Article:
In another study, rats were fed dosages of 6.56, 133, 658, or 1,036 mg/kg/day (males) or 7.71, 153, 783, or 1,124 mg/kg/day (females). Triflusulfuron methyl showed subchronic toxicity at dietary concentrations of 2,000 ppm (133 and 153 mg/kg/day for males and females) or greater in the form of decreased body weight, decreased body weight gain, decreased food efficiency, and increased mean liver weights. The NOAEL was 6.56 mg/kg/day (males) and 7.71 mg/kg/day (females).

A subchronic neurotoxicity study with rats fed dosages of 0, 6.1, 46.1, 92.7, or 186.2 mg/kg/day (males) or 7.1, 51.6, 104.1, or 205.2 mg/kg/day (females), resulted in a NOAEL of 92.7 (males) and 7.1 mg/kg/ day (females). This was based on decreased body weight/body weight gain at the LOAEL of 186.2 mg/kg/day (males) and 51.6 mg/kg/day (females).

In another 90-day subchronic study, dogs were fed dosages of 3.87, 146.1, or 267.6 mg/kg/day (males) or 3.72, 159.9, or 250.7 mg/kg/day (females). Triflusulfuron methyl was found to be hepatotoxic at 4,000 ppm (146.1 mg/kg/day males and 159.9 mg/kg/day females), and greater elevated hepatic enzyme levels and postmortem evidence, including elevation in liver weights and microscopic evidence of bile stasis. Other microscopic findings considered to be treatment related were testicular atrophy and decreased testicular weights and hypercellularity of the sternal and femoral bone marrow, with a corresponding increase in reticulocyte and leukocyte counts seen in the high-dose males and females. Based on the microscopic findings in the liver and testes of the 4,000 ppm and greater treated animals, the NOAEL was 3.87 mg/kg/day (males) and 3.72 mg/kg/day (females).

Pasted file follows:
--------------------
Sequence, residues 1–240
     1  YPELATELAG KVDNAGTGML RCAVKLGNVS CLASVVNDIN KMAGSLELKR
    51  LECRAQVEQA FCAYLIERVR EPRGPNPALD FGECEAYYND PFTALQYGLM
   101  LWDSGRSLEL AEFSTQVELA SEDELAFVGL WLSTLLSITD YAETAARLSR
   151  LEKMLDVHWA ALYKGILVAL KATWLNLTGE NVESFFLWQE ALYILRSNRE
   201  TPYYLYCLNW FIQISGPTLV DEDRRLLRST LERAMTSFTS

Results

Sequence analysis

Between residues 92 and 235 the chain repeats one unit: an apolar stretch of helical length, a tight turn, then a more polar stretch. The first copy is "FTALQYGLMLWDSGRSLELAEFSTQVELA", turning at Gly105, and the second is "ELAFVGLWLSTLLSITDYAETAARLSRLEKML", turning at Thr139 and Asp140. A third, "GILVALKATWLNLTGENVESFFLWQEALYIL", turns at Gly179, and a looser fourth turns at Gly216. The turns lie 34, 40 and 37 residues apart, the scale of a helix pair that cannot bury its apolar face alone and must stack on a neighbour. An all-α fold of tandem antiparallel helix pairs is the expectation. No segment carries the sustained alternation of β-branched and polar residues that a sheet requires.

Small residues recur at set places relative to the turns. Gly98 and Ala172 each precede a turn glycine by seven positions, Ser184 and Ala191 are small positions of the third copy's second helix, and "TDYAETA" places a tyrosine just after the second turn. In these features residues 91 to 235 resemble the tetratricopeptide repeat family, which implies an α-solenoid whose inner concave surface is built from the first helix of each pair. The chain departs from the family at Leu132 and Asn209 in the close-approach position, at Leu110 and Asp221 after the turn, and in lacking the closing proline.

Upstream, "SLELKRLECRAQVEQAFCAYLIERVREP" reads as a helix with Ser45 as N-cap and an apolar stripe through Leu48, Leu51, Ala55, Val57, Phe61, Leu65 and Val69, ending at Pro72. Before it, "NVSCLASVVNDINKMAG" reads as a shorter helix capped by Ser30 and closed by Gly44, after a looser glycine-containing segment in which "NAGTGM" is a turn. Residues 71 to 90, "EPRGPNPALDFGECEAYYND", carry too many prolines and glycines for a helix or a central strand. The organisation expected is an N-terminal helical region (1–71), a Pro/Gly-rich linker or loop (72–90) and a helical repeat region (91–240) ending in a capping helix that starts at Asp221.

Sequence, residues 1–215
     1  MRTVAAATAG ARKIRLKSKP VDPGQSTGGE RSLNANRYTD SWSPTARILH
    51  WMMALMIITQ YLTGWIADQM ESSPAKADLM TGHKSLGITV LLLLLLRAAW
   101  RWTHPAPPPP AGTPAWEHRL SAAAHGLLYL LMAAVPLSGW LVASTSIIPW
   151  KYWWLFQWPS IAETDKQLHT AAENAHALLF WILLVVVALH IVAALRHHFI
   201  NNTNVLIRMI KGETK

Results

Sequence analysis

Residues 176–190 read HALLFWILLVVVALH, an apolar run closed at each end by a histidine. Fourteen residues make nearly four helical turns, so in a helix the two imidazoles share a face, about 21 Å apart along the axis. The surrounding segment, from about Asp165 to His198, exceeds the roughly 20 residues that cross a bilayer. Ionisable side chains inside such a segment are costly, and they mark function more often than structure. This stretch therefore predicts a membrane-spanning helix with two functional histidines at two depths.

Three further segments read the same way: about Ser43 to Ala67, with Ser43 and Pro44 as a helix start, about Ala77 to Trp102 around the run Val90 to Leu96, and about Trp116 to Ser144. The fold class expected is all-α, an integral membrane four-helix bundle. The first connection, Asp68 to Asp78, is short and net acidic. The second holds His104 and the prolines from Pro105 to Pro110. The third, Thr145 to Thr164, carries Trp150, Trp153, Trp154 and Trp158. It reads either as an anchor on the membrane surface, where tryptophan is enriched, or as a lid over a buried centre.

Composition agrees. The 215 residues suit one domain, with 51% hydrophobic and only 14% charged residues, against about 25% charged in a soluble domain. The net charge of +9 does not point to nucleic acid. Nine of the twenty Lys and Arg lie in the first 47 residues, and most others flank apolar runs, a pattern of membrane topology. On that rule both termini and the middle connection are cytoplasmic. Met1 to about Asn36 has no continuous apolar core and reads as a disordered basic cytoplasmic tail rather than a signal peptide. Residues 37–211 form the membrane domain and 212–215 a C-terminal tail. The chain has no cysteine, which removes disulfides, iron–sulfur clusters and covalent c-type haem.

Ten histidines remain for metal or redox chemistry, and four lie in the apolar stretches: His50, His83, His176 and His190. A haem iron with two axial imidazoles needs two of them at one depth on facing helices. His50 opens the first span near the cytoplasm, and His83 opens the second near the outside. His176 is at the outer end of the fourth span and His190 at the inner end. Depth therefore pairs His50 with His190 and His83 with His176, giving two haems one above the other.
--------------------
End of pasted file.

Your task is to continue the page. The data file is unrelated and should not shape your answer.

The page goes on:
5. Chronic toxicity. The chronic toxicity of technical triflusulfuron methyl was evaluated in dogs, mice, and rats. In a 1-year oral toxicity study with dogs fed dosages of 1.0, 26.9, 111.6 mg/ kg/day (males) and 1.2, 27.7, and 95.5 mg/kg/day (females), the NOAEL for males was 26.9 mg/kg/day; this was based on increases in alkaline phosphatase, liver weight, and incidence of minimal centrilobular hypertrophy at the LOAEL of 111.6. For females, the NOAEL was 27.7 mg/ kg/day; this was based on increased liver weight and increased incidence of minimal centrilobular hepatocellular hypertrophy at the LOAEL of 95.5 mg/kg/day.